somewhat hard to assess the long run impact of the program. For example, it is possible that in the longer run those people who are currently cutting back consumption to enable greater investment will become significantly richer and increase their consumption. On the other hand, the segment of the population that increased its consumption when it got the loan without starting a business may eventually become poorer because it is borrowing against the future, though it is also possible that they are just enjoying the "income effect" of having paid down their debt to the money-lender (in which case they are richer now and perhaps will continue to be richer in the future).
microcredit ... appears to have no discernible effect on [children's] education, health, or women's empowerment [decision-making concerning household spending, investment, savings, and education]. Of course, after a longer time, when the investment impacts (may) have translated into higher total expenditure for more households, it is possible that impacts on education, health, or women's empowerment would emerge. However, at least in the short term (within 15-18 months), microcredit does not appear to be a recipe for changing education, health or women's decision-making. Microcredit therefore may not be the "miracle" that is sometimes claimed on its behalf, but it does allow households to borrow, invest, and create and expand businesses.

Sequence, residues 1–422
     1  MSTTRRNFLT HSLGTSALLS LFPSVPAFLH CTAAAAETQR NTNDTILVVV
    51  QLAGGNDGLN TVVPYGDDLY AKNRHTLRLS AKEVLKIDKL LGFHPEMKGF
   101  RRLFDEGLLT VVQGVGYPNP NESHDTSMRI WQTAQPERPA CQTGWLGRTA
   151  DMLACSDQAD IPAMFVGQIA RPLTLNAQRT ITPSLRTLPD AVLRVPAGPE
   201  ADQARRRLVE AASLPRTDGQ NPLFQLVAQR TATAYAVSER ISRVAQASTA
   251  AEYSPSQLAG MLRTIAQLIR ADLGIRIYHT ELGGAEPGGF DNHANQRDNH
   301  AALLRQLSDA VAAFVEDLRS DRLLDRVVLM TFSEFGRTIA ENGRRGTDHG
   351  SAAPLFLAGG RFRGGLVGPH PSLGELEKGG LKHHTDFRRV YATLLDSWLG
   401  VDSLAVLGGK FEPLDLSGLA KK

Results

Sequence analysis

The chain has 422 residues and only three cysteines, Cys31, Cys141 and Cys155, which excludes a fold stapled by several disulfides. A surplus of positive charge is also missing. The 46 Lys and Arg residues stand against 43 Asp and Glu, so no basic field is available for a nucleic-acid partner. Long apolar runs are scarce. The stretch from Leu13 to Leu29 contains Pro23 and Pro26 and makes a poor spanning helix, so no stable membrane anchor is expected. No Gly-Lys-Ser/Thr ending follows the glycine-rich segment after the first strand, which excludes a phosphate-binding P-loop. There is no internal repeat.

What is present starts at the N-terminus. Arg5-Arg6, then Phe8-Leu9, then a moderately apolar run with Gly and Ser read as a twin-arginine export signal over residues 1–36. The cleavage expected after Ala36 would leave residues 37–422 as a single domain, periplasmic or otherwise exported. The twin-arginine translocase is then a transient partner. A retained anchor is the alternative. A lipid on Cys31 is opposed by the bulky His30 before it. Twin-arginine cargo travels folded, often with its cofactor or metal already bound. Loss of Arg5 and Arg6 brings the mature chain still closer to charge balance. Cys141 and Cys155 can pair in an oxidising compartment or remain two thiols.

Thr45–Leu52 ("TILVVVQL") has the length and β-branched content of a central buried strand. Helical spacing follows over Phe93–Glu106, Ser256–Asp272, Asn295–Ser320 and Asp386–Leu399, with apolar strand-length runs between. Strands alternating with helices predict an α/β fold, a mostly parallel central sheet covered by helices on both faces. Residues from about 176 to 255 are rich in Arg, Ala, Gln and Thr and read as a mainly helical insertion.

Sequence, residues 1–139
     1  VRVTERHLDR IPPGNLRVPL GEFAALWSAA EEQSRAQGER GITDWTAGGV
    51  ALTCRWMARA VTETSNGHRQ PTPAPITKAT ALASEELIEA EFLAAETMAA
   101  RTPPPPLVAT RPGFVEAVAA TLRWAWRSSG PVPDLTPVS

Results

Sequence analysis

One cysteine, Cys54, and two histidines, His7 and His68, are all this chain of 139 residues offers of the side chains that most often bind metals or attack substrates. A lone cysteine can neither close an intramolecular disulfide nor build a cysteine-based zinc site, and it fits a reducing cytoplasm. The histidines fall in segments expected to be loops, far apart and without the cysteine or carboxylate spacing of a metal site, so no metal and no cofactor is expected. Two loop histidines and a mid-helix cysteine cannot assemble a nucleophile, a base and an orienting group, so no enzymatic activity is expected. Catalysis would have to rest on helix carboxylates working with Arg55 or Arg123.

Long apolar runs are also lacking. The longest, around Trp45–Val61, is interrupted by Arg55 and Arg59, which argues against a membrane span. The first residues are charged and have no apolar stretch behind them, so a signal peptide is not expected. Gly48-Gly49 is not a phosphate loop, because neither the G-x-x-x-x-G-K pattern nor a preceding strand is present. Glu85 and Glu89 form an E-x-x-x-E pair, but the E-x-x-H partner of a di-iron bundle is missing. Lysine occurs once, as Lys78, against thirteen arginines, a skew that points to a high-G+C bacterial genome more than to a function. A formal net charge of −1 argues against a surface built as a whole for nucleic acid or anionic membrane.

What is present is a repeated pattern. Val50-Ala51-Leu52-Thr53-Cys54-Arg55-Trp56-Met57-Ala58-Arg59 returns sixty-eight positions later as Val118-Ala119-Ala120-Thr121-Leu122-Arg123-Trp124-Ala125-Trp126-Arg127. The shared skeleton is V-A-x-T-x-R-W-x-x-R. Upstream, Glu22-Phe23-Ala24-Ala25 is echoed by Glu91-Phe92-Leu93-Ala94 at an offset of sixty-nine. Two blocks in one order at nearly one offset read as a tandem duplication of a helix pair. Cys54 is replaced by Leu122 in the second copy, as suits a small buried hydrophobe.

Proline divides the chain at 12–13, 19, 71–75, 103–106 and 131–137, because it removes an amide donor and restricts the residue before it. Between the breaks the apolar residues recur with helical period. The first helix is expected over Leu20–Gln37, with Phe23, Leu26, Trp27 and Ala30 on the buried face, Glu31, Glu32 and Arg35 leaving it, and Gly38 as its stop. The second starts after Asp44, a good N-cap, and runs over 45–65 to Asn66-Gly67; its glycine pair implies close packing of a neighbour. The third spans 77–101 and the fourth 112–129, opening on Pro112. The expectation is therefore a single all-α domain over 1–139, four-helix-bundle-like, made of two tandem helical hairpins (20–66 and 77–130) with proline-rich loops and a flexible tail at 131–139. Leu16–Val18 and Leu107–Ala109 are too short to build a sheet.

The Philippine study also used surveys to assess microcredit impacts. The surveys were conducted 11 to 22 months following an applicant's entrance into the experiment, and yielded these findings:
  • Individuals assigned to the treatment group did borrow more than those in the control group.

  • The marginally creditworthy microentrepreneurs who received credit shrank their businesses relative to the control group. The researchers suggest that this was a result of deciding to lay off employees who were not very productive. "[T]reated microentrepreneurs used credit to re-optimize business investment in a way that produced smaller, lower-cost, and more profitable businesses."